On Tuesday, NBC’s Today show was giddy with excitement over Democratic Congresswoman Kyrsten Sinema winning the extremely close Senate race in Arizona against Republican Congresswoman Martha McSally. The word “wow” was tossed out three times during a two-minute report on the straggling midterm election result, along with hopes that the usually red state was turning “purple.”
After announcing Sinema’s victory, co-host Hoda Kotb turned to White House Correspondent Kristen Welker and declared: “Wow, this is one of those races that turned out to be a really big deal, didn’t it?” Welker gushed: “This is a wow. This is the first time that a Democrat will have won a Senate seat in Arizona since 1976. And Kyrsten Sinema becomes the first woman ever to serve as senator in Arizona, so it’s a very big deal.”
Of course Arizona would have been sending a woman to Senate no matter which candidate won.
While touting Sinema’s biography as a “three-term congresswoman,” “triathlete,” and “openly bisexual,” Welker claimed that the liberal Democrat’s “strategy was to run as a moderate.” Conveniently missing from the segment was any mention of Sinema’s past radical left-wing activism. In 2011, speaking at the leftist Netroots Nation convention, Sinema referred to her state as the “meth lab of democracy” because of its conservative politics.
“The other aspect of this which makes this such a wow,” Welker continued, was “that this was a seat held by Jeff Flake, a Republican.” After again trying to boost Sinema’s credentials as a “moderate,” the reporter proclaimed: “The big picture for Democrats, they see this as a very big victory. It’s allowed them to narrow the lead that Republicans have in the Senate...”
In reality, Republicans flipped three Democratic Senate seats in the midterms, with a likely forth in Florida. In contrast, Democrats only flipped two Republican seats in Arizona and Nevada. If the Florida race and the Mississippi Senate runoff are both decided in Republicans’ favor, as anticipated, the GOP will have an expanded 53-47 majority.
Wrapping up the Today show discussion, co-host Savannah Guthrie, an Arizona native, hyped: “And Democrats have been wanting to make Arizona not a red state, but a purple state, for a long time.” Welker eagerly agreed: “That’s right, that’s right.”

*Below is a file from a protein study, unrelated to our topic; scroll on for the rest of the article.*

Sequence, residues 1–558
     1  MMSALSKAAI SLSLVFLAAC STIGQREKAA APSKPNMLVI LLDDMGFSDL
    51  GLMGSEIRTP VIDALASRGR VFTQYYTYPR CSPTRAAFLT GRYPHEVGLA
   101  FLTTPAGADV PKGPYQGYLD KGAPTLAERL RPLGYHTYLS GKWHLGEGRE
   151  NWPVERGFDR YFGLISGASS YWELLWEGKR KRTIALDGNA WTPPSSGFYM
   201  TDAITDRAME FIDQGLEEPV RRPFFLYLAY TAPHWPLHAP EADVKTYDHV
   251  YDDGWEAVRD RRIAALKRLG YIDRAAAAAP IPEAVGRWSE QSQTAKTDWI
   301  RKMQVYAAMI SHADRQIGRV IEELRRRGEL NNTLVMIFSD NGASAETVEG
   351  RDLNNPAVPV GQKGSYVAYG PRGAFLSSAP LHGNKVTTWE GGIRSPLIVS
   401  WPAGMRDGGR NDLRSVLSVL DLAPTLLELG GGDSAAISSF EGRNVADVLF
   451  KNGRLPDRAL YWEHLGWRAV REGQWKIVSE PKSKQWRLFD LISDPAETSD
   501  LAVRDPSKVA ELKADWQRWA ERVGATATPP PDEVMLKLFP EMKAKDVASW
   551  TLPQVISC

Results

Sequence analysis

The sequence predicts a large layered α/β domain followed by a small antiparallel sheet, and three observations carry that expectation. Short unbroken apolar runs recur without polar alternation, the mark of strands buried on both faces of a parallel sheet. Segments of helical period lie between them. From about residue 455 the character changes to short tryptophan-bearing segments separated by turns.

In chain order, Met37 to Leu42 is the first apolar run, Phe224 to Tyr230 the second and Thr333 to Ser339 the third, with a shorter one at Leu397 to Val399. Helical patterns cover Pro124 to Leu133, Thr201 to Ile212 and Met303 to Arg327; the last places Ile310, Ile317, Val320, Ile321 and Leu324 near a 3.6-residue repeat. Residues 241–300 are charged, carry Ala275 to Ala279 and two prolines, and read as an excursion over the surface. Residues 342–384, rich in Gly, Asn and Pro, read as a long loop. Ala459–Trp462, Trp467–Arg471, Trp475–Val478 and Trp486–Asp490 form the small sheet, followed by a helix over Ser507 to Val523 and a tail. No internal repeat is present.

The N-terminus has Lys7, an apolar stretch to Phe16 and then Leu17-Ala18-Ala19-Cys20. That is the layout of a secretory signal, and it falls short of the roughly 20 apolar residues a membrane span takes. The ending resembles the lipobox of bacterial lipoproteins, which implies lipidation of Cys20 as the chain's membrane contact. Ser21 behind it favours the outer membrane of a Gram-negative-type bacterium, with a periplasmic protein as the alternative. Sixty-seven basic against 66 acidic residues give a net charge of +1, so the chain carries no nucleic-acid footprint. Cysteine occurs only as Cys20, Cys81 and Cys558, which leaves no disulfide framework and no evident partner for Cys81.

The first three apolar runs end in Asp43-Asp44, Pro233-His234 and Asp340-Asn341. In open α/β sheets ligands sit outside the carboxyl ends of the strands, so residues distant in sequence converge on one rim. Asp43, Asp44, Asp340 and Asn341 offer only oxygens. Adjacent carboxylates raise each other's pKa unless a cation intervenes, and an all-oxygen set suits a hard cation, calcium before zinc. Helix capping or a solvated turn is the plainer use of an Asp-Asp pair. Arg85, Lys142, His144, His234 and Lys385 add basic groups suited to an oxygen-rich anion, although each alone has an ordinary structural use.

Unlike the NBC morning show, ABC’s Good Morning America and CBS This Morning each only devoted seconds-long news briefs to the outcome of the Arizona Senate race on Tuesday, with both noting how close the contest was.
Here is a full transcript of Welker’s November 13 report on the Today show:
7:08 AM ET
HODA KOTB: Also this morning, we have new results one week after the midterm elections. Democrat Kyrsten Sinema has been declared the winner in Arizona’s closely watched Senate race. NBC White House Correspondent Kristen Welker is in studio with us, which is awesome.
KRISTEN WELKER: Great to see you both, it’s fantastic to be here.
[ON-SCREEN HEADLINE: Sinema Wins Arizona Senate Race; State’s First Democrat Elected to the Senate in 30 Years]
KOTB: Wow, this is one of those races that turned out to be a really big deal, didn't it?
WELKER: This is a wow.
WELKER: This is the first time that a Democrat will have won a Senate seat in Arizona since 1976. And Kyrsten Sinema becomes the first woman ever to serve as senator in Arizona, so it’s a very big deal.
So who is she? She’s a three-term congresswoman. She is a triathlete. I interviewed her, she told me that she sometimes gets up at 3:00 a.m. in the morning to run. She’s also openly bisexual. And her strategy was to run as a moderate. Take a listen to what she had to say overnight.
KRYSTEN SINEMA: Arizonans had a choice between two very different ways forward. One focused on fear and party politics, and one focused on Arizona and the issues that matter to everyday families.
WELKER: The other aspect of this which makes this such a wow, Hoda and Savannah, is that this was a seat held by Jeff Flake, a Republican, as you said. And so, it was an uphill climb for a Democrat, there’s no doubt about that.
And I asked her, I said, “How are you going to win a seat in a state that Trump won? And he’s been out her campaigning, by the way, for your challenger, Martha McSally.” He called her a “radical Democrat” out on the campaign trail. And she said, “Look, I’m going to point to my voting record.” She actually voted with Trump’s policies more than 60% of the time. And she stayed on message, she talked about health care, health care, health care.
The big picture for Democrats, they see this as a very big victory. It’s allowed them to narrow the lead that Republicans have in the Senate, which right now stands at 51 to 47, but there are still two races. Florida’s obviously a recount and Mississippi’s going to a runoff.
SAVANNAH GUTHRIE: And Democrats have been wanting to make Arizona not a red state, but a purple state, for a long time.
WELKER: That’s right, that’s right.
GUTHRIE: Democrats haven’t sent a U.S. senator from Arizona since, I think, the late ’90s.
GUTHRIE: So that’s a little Arizona trivia from the Arizona local right there. Kristen, thank you.
WELKER: Thank you.